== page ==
How precisely can we map blue ice in Antarctica?

Precise mapping of Blue Ice Regions (BIRs) in Antarctica can facilitate resource management during expeditions and help plan field investigations. Satellite-based BIR mapping was traditionally performed with large-swath, coarse to medium-resolution imagery. This study presents a comprehensive evaluation of four classification methods for mapping blue ice regions: Neural Network Classifier (NNC), Support Vector Machine (SVM), Maximum Likelihood (MXL), and Mahalanobis Distance (MD). Each method was trained and tested using a labeled dataset, and their performance was assessed based on Overall Accuracy (OA), Bias, and Average Root Mean Squared Error (RMSe). Among the methods, SVM stood out with exceptional performance, achieving an impressive OA of 92% and demonstrating a low bias of 1.27%. The SVM method also exhibited superior spatial accuracy, as indicated by an Average RMSe of 1978 m2, making it well-suited for precise delineation of blue ice regions. On the other hand, NNC and MXL demonstrated reasonable overall accuracy but exhibited higher spatial errors. MD showed potential for improvement in spatial accuracy, recording an Average RMSe of 3031 m2. Based on the evaluation, SVM emerged as the most effective technique for mapping blue ice regions, providing valuable insights for glaciological research and climate change studies. MODIS, Landsat, Sentinel, and Very High Resolution (VHR) data, such as WorldView-2 (WV-2), are recommended for mapping large, moderate-sized, and small-sized BIR patches, respectively. The inclusion of WV-2 data allows for accurate estimation of the maximum summer extent of BIRs across Antarctica, facilitating comprehensive assessments of their spatial distribution and dynamics. This research contributes to advancing the understanding of BIRs and their significance in climate and glaciological studies. The refined VHR blue ice map from the current study will be useful for future studies of mass balance, radiation budget, and regional climate changes in the study region.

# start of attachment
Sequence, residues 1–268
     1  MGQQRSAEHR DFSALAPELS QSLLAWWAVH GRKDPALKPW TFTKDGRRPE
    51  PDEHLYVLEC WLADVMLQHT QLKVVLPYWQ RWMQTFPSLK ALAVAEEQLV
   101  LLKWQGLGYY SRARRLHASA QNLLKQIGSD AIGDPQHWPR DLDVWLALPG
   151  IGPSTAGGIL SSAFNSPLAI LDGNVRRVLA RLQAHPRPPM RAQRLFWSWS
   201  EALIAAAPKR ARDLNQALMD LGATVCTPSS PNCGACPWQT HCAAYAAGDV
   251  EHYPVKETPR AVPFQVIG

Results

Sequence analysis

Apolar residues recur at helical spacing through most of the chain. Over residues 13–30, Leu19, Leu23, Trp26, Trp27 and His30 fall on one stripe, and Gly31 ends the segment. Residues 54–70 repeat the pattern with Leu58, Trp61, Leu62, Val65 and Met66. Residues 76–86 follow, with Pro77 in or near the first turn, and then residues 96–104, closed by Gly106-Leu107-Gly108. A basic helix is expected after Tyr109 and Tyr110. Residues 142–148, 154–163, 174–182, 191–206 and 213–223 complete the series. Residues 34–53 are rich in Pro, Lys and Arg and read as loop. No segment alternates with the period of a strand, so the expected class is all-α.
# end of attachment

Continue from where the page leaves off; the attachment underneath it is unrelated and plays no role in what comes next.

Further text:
Publication status:
Authors: Jawak, Shridhar D., Wankhede, Sagar F., Luis, Alvarinho J., Pandit, Prashant H., Convey, Peter ORCIDORCID record for Peter Convey, Fretwell, Peter T. ORCIDORCID record for Peter T. Fretwell, Schulz, Karsten, Nikolakopoulos, Konstantinos G., Michel, Ulrich

On this site: Peter Convey, Peter Fretwell
19 October, 2023
roc. SPIE 12734, Earth Resources and Environmental Remote Sensing/GIS Applications XIV
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